What is the purpose of higher education? Why do we pursue specialized fields of knowledge in a university environment? What is the relationship between education and freedom? How are culture and faith informed by education?
Although education produces knowledge that can further scientific and technical progress, the knowledge we gain can also be directed towards the flourishing of human persons in free societies. This summer seminar will introduce students to the relationship between higher education, authentic freedom and integral humanism. By reading authors such as Augusto del Noce, Jacob Levy, Jacques Maritain, John Cardinal Henry Newman, Jean Leclerq, and Luigi Giussani, we will ponder how an understanding of integral humanism can influence education, culture and community.
In addition to formative readings and engaging discussions, this program will include group leisure activities such as walks in nature, opportunities for contemplation and prayer, and visits to nearby historical and artistic sites. The seminar will also feature an alumni panel, discussing how they have applied what they have learned in their own educational settings. Students will also have the chance to interact with educators from both college and K-12 institutions who have successfully implemented a classical liberal arts approach in their educational contexts.
Selected Readings Include:
Luigi Guissani, The Risk of Education
Jacques Maritain, Education at the Crossroads
John Cardinal Henry Newman, The Idea of a University
Augusto del Noce, The Crisis of Modernity
Professor Margarita Mooney | Executive Director of Scala Foundation. She received her B.A. in Psychology at Yale University and her Ph.D. in Sociology at Princeton University. She is currently a professor at Princeton Theological Seminary. Her research and teaching cover topics relating to philosophy of social science, sociological research methods, and human flourishing.
Professor Roosevelt Montás | Director of the Center for the Core Curriculum at Columbia College. He holds an A.B., Columbia College (1995), and an M.A. (1996) and Ph.D. (2004) in English, Columbia University. Montàs specializes in Antebellum American literature and culture, with a particular interest in American citizenship. As Director of the Center for the Core Curriculum he speaks frequently on the history, meaning, and future of liberal education. Professor Montás is a member of Scala’s faculty advisory board and is committed to bringing a classical liberal arts approach to students from low-income families.
Alumni Panel | A special session will feature alumni of Scala’s previous seminars sharing how the summer seminar shaped their teaching, research, and professional lives in a variety of settings.
Educators Panel | Another session will feature educational entrepreneurs who have launched programs in higher education or K-12 education that bring a classical liberal arts model into diverse educational contexts.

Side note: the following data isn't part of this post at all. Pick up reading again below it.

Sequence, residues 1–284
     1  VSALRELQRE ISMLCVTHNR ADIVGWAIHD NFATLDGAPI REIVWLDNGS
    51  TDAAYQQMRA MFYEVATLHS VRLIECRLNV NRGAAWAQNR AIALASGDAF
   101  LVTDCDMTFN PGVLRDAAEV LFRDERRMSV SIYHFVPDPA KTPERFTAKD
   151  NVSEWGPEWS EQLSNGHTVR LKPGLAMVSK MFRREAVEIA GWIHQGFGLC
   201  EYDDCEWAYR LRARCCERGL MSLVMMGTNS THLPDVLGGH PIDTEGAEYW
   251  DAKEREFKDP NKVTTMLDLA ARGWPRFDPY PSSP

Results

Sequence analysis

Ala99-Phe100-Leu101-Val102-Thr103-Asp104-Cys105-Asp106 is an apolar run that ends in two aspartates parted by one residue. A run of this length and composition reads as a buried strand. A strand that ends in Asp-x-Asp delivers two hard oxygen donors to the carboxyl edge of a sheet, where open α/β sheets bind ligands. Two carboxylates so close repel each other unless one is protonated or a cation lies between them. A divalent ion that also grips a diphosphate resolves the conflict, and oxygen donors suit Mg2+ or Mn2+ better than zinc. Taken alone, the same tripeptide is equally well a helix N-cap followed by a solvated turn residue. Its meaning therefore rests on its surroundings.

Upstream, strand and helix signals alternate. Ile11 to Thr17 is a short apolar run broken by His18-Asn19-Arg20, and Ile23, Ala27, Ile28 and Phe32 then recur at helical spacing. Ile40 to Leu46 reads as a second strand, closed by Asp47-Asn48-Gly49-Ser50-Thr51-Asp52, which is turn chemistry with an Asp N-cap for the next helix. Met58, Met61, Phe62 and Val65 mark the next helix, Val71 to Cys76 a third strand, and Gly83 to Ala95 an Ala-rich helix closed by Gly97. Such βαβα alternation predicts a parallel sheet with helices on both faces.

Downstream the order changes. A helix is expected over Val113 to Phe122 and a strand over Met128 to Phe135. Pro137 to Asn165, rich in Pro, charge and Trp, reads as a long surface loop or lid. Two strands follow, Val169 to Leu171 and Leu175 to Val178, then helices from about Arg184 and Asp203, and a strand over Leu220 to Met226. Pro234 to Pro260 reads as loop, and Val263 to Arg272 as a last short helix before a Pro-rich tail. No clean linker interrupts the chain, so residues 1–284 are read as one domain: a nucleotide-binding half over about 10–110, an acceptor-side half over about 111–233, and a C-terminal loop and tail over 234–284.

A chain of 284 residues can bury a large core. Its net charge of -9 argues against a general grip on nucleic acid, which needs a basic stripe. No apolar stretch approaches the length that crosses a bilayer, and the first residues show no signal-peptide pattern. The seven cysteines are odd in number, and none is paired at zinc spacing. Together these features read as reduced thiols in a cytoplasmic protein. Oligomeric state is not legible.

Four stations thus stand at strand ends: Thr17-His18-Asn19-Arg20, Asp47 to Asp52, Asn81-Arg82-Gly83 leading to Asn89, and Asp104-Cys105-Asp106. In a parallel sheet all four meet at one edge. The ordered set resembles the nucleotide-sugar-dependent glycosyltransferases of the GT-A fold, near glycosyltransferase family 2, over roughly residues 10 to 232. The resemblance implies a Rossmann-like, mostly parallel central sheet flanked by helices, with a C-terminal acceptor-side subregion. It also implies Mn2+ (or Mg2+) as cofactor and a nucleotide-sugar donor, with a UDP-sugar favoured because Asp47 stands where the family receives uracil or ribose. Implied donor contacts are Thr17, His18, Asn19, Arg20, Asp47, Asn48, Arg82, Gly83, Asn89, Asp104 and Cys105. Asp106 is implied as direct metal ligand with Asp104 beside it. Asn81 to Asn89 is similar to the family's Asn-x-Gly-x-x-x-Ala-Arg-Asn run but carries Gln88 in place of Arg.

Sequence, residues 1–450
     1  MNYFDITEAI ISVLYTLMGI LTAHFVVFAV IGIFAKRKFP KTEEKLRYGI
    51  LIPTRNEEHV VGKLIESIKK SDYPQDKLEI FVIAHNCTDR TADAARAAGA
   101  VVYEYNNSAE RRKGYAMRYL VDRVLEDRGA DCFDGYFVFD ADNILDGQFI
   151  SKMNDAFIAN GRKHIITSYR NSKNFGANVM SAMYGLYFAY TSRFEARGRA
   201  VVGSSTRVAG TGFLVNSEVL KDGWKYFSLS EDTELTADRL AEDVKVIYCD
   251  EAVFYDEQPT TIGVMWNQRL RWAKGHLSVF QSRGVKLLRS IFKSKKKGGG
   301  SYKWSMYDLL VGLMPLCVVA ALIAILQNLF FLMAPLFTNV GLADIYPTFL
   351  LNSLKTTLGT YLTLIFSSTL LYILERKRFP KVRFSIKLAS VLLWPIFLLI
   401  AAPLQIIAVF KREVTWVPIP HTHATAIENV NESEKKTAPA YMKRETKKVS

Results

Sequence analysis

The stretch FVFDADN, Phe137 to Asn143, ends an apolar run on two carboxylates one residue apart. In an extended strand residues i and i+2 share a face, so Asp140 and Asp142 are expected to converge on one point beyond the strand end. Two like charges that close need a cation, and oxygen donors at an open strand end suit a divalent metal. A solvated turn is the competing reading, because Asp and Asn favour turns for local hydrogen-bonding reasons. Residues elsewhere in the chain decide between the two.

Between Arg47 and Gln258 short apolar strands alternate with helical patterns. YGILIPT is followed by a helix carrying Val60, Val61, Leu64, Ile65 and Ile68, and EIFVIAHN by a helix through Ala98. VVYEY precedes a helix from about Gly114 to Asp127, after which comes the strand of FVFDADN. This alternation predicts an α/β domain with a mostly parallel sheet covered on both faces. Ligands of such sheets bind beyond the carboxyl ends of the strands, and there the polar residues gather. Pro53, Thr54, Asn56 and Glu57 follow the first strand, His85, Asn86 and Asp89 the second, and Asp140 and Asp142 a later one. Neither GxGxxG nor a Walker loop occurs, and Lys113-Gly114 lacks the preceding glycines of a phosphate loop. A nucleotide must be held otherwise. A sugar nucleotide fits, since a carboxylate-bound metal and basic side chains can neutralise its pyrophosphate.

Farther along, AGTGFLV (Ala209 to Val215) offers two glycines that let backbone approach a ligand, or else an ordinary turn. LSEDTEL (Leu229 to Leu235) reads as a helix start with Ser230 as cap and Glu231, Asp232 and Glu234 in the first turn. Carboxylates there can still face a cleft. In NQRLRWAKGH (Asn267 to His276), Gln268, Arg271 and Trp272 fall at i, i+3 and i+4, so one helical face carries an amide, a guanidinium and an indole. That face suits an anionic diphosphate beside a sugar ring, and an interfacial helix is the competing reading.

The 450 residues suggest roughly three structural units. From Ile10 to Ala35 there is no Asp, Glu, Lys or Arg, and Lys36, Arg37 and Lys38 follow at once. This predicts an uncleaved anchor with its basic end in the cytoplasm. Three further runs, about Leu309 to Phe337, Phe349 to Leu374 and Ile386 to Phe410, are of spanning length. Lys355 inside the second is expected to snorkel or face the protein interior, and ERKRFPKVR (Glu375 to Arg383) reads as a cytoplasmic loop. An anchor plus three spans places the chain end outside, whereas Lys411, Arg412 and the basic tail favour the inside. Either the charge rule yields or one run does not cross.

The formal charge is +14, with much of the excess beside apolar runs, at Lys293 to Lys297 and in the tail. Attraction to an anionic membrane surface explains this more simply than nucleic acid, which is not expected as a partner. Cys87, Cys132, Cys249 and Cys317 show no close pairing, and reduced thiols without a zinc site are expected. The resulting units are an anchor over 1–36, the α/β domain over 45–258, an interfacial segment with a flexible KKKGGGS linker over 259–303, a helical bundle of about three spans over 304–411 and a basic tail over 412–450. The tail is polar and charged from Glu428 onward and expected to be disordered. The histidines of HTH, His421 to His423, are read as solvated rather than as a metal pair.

Logistics: Students will be provided food and lodging on the grounds of the Portsmouth Abbey and School, which occupies 500 acres on the shores of Narragansett Bay. Students are expected to cover their own travel costs. Students will be provided with all books and articles required for the seminar, and all readings will be sent in advance of the program.
Format: There will be three 1.5-hour sessions daily. Our accommodations offer students the opportunity to voluntarily attend daily religious services, if they desire. Free time will include leisure and tours of local sites. The seminar will feature an excursion to Newport, Rhode Island, where we will explore the intersection of education, culture, religion and community in early American history.
Registration Fee: Students accepted to the program will be asked to make a non-refundable payment of $200 to cover part of the program costs.
How to Apply: This seminar is open to advanced undergraduate students and early career graduate students (1st or 2nd year) who are interested in learning more about classical liberal arts education. This seminar is intended for students pursuing a degree at a university in the United States. Applications from more advanced graduate students will be considered, but preference will be given to students applying to or entering graduate studies. Applicants should submit via email (firstname.lastname@example.org) the following documents:
- An updated CV;
- A statement of interest that highlights: a) how this seminar will enhance your current or future studies, and b) how you are prepared to participate actively in classroom discussions and a shared residential experience with other students (maximum 750 words);
A letter of reference evaluating your overall academic preparation (letter can be sent directly to email@example.com);
- One academic writing sample (15-30 pages).
Application Deadline: All application materials are due Friday, March 15th, 2019. Applicants will be notified if they are accepted by Friday, March 29th.
Questions: Please direct all questions to firstname.lastname@example.org